Planning, Design, and Potential Pitfalls of Roundabouts

Public Works Resource
July 15, 2013 — 4,410 views  
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A roundabout is an intersection in traffic that is circular and allows for passage of vehicles without the need for a traffic signal. The road at the junction is built in a circular way around a space in the center through which the road does not pass. Around this space, vehicles continuously take the leading and intersecting roads without the need for a traffic signal to direct the flow.

The traffic entering the roundabout is reduced due to the curved structure of the roundabout and vehicles can safely pass each other. There are certain rules for road safety to be followed by traffic entering a roundabout.

Planning a Roundabout

Ideally, a roundabout needs to have a curvature sufficiently large enough to slow traffic entering it. Acute curves and smaller road width will allow efficient slowing down of traffic, but at the cost of reduced traffic flow capacity. Larger vehicles will also find it difficult to negotiate narrow roads and tight curves. So, the curve and road width also need to be designed keeping in mind the amount and the kind of vehicles passing through the roundabout.

In essence, while building a roundabout safety, traffic flow rate, and easy navigability for all types of vehicles, depending on the location, traffic density, and traffic composition should be considered. Roundabouts in less populated areas need not be very concerned with pedestrian safety as those in urban areas. They also should not have curves with small radii, but should ensure that the flow of highway-speed traffic is not bottle-necked at the roundabout.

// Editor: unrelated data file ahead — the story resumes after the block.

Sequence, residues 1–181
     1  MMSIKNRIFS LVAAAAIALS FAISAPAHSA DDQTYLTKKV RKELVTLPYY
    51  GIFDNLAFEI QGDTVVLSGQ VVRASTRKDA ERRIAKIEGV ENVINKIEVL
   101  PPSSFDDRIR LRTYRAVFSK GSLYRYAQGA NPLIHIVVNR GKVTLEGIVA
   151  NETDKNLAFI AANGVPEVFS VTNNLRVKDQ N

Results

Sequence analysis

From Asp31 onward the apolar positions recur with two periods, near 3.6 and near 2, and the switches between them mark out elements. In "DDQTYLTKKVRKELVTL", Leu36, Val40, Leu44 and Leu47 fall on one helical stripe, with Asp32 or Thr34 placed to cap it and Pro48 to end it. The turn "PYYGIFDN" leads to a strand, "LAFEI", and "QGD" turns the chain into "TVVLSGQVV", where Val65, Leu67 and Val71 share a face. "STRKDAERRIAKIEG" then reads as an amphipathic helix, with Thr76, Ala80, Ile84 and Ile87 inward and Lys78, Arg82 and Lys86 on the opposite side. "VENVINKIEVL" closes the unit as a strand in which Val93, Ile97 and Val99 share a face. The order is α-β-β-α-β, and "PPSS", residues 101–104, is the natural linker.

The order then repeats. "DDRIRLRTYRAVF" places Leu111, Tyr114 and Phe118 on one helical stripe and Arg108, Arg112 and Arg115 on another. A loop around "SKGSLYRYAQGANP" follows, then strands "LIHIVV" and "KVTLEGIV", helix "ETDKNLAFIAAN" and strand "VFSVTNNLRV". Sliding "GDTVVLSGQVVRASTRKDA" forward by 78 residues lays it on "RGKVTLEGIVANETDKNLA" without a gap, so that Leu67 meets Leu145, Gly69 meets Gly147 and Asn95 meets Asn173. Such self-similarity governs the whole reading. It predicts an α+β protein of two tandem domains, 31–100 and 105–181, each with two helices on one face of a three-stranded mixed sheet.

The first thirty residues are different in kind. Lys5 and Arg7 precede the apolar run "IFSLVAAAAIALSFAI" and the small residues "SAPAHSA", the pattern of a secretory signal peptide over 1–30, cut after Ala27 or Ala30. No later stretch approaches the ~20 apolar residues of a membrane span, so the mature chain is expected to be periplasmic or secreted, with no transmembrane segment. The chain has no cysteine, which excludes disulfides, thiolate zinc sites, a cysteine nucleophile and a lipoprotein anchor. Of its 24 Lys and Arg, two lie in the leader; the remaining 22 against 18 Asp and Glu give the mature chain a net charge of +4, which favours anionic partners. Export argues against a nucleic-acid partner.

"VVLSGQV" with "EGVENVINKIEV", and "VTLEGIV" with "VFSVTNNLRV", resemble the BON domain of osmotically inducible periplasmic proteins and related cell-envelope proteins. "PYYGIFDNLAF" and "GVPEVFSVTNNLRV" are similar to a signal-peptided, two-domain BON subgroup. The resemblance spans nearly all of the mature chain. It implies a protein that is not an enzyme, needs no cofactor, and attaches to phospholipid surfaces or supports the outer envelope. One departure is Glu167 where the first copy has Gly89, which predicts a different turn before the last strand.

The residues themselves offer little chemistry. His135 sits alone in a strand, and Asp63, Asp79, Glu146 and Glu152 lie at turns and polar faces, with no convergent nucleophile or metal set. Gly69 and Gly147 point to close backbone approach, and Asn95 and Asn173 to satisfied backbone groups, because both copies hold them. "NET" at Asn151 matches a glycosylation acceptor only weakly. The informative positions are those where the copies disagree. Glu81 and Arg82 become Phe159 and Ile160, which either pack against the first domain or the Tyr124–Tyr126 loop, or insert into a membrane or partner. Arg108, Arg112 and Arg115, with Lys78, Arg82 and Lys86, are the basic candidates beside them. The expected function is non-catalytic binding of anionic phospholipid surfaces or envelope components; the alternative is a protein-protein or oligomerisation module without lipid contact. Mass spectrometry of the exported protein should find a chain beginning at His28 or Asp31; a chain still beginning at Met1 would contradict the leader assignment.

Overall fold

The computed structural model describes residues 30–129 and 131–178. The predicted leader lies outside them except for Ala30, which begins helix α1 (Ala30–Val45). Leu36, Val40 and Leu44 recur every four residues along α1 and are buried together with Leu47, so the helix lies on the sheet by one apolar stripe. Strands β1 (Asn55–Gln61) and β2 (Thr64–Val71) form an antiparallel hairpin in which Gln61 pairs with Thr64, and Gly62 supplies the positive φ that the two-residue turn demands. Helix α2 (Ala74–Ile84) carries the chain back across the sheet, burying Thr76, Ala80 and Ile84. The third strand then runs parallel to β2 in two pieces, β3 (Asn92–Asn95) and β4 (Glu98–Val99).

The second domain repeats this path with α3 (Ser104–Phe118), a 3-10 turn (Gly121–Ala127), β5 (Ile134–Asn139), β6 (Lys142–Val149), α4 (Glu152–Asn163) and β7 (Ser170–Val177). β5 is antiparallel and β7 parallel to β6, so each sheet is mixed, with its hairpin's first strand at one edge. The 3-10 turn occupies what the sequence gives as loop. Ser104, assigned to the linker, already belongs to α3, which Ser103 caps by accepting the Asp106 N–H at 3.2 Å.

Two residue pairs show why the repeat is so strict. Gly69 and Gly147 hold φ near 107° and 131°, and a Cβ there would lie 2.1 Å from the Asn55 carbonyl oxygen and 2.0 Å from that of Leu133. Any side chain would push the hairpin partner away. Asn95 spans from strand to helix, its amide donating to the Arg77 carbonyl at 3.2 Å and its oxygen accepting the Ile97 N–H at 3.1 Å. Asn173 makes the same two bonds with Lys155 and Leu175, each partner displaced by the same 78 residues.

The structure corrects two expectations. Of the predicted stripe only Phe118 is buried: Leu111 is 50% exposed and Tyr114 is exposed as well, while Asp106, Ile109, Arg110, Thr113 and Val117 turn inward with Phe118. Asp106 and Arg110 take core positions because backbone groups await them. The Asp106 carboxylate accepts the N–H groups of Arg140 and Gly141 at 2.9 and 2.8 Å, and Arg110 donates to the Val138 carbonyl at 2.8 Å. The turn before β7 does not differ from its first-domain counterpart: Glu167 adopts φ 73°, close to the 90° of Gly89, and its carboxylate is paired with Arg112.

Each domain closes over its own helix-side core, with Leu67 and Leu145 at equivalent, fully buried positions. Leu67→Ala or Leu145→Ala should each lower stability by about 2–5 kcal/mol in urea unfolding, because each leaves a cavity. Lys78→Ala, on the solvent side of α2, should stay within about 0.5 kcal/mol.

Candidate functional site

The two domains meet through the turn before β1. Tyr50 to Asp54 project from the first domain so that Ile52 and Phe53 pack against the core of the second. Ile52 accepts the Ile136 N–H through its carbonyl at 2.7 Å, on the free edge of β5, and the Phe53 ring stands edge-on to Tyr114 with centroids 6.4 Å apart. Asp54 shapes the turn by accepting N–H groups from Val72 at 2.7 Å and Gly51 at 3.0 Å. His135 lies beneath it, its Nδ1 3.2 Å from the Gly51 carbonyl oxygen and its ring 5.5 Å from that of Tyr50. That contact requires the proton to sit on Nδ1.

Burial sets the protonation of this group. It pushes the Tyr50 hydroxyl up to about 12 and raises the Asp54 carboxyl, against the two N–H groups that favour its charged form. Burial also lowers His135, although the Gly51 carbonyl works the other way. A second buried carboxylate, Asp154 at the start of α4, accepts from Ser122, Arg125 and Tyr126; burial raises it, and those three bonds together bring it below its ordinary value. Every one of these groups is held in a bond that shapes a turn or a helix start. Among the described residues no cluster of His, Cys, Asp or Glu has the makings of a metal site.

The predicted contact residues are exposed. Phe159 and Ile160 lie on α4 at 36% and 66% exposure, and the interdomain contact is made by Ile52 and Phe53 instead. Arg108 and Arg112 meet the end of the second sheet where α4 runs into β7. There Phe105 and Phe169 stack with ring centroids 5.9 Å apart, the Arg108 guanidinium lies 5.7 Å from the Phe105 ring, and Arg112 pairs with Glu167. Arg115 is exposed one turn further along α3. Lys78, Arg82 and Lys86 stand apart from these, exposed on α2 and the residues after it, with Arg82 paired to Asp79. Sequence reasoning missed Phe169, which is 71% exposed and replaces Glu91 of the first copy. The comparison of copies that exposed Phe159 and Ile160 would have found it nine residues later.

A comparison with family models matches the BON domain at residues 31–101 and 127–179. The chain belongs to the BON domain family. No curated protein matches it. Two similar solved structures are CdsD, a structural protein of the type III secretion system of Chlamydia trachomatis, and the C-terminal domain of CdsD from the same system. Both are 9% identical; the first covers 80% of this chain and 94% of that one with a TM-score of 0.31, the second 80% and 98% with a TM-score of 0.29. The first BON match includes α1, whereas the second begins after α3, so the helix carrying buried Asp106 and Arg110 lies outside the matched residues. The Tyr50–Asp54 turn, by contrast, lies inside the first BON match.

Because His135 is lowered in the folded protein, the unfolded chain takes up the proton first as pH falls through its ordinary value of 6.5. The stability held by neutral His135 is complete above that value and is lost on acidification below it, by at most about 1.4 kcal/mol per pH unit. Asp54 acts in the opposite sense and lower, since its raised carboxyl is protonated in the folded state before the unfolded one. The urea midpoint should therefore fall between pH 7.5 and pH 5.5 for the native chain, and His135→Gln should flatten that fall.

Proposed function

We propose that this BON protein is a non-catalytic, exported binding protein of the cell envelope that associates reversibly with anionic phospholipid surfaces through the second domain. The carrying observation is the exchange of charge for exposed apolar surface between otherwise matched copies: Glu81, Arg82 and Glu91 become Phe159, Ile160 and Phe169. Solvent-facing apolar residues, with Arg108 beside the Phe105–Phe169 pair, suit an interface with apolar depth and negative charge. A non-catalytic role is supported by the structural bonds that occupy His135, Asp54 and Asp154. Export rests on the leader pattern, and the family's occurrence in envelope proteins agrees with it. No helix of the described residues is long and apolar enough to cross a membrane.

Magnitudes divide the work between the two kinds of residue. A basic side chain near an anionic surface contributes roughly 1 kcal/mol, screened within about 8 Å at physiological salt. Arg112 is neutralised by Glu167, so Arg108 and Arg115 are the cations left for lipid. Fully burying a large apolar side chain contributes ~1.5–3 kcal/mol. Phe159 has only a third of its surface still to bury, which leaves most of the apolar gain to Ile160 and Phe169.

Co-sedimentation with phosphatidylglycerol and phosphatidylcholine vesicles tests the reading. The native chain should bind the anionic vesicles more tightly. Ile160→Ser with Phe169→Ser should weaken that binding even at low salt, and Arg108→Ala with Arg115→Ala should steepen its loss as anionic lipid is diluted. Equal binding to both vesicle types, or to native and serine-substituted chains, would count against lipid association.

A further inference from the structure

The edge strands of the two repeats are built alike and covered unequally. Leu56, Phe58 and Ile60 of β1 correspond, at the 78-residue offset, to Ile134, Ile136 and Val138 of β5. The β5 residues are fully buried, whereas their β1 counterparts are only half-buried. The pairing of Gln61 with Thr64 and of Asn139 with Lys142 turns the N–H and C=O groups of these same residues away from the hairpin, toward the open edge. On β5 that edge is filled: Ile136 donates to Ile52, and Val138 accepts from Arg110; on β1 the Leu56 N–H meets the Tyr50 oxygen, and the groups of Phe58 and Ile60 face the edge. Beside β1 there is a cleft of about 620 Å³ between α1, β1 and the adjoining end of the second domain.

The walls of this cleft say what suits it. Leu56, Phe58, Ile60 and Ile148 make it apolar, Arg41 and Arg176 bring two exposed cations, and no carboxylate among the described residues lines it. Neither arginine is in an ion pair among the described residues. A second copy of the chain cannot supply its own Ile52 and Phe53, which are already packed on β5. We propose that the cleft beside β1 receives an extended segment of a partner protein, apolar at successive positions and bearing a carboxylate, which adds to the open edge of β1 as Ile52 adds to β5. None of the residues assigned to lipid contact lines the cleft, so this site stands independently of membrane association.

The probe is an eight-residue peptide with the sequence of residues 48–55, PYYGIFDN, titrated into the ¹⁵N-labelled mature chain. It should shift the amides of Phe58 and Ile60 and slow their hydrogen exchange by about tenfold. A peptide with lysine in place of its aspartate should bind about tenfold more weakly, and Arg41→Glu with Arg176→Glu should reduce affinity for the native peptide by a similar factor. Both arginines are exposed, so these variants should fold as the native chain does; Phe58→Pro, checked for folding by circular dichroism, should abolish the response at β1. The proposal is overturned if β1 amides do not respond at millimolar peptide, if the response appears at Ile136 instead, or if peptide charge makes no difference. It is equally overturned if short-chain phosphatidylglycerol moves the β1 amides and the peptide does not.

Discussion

Designing a Roundabout

Before designing a roundabout, evaluate the necessity of making one in the place where you’re planning to build it. Designing and building a roundabout should be an iterative process, be it for a single lane roundabout, multi lane roundabout, rural roundabout, or a mini roundabout. It is difficult to achieve the perfect roundabout design for any location in the first go. It is good to make a design based on initial data as well as approximations, and constantly evaluate it for road capacity, safety, and other parameters to make the necessary adjustments.

Small changes in design as well as layout can make a large difference in usage and safety. Initially, determine the best size for the intended purpose of the roundabout, the best position to build the roundabout in, and the alignment of each of the legs of the roundabout. Build the design keeping in mind these approximations. Make sure the design elements do not conflict with one another and make adjustments along the way.

Disadvantages of Roundabouts

Roundabouts eliminate the need for waiting at traffic signals and they help prevent high speed accidents from occurring at intersections. But they have their own disadvantages as well. By forcibly slowing down traffic at intersections roundabouts slowdown the overall pace of traffic entering the junction. This slow pace can, during peak traffic hours, create a dense “queue” of vehicles waiting to navigate the roundabout, which can lead to slow speed accidents. This can be especially difficult for vehicles that are in a hurry, like ambulances.

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